I believe that if the second intifadeh had not destroyed the faith of the Israeli public in the existence of a credible partner, and if Arafat and his team had found a way to accept the plan, and if moderate states had lined up behind it in the way they are lining up behind the Saudi plan now, then the Israeli public would have been in favor of it. And I believe if what was offered to Arafat at Camp David, then Taba and finally in DC had been fully conveyed to the Palestinian public, there would have been widespread –although hardly unanimous–support for the idea of giving it a try. There were many reasons why none of this happened –and some of the reasons don’t reflect very well on either the Israelis or the Americans. But, again, the point is that the “sympathies” of Ross and Indyk for Israel don’t appear to have much to do with what happened.

  10. For a concise overview of the problems with the Walt-Mearsheimer essay and book, see the 5 page pdf at this link.

    This pdf is being widely disseminated in academia, industry and government.

  11. This is the first I’ve seen of this or similar suggestions, by anybody.

    That the response is not all that different from my personal observations, makes it mostly credible to me.

  12. I believe that W and M will be another footnote in this debate in just a few short weeks. Already the price of the book has been drastically slashed (see, e.g., Amazon) and now the authors words will be defined by the competing factions in this debate.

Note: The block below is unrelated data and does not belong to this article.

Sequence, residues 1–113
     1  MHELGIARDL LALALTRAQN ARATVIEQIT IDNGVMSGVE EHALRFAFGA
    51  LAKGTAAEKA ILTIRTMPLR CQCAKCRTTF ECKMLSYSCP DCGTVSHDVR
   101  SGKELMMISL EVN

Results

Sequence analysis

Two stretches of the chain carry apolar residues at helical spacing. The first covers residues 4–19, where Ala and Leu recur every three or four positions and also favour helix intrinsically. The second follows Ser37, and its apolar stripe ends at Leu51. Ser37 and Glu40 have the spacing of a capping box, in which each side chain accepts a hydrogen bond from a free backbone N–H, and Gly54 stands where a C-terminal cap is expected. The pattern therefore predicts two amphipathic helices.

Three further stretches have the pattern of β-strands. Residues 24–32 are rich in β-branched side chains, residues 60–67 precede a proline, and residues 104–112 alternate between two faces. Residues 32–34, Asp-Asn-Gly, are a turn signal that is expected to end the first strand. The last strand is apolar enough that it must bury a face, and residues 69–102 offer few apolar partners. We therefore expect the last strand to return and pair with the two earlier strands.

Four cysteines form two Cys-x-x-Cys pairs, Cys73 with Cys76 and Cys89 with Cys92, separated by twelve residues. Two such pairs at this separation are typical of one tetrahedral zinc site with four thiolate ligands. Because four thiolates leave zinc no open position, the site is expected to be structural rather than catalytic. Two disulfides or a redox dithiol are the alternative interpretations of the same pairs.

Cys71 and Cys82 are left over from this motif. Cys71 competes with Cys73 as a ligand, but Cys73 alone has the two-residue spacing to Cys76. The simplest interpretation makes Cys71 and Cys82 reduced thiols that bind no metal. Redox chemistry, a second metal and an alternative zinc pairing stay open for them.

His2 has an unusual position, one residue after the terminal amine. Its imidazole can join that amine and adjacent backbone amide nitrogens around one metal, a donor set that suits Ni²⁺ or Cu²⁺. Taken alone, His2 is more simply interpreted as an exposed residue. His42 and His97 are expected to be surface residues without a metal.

It is, of course, too bad, but I submit that they only have themselves to blame. They could have written about the various groups constituting a so-called Israel Lobby and explored how that amalgam of groups go about getting things done in Washington. Instead, factual inaccuracies aside–and not to diminish their failure to comprehend basic truths about Camp David/Taba, etc.–they premised their analysis on the notion that the Israel Lobby is in control, that it was, for example, a “critical” element in the equation that led Bush and Cheney to war.

    Alas, for marketing or other reasons, these reapected academics opted to spend their 15-minutes of fame sounding the familiar themes that those who sound them always claim are unfamiliar–namely that the Israel Lobby stifles debate through meritless charges of anti-semitism.

    Disappointing? Indeed. Surprising? Hardly.

    The W and M debate: been there done that and nothing is new.

  13. I think this is one of those tricky ones where it should be that people’s actions – not ethnicity or personal beliefs – are the defining criteria.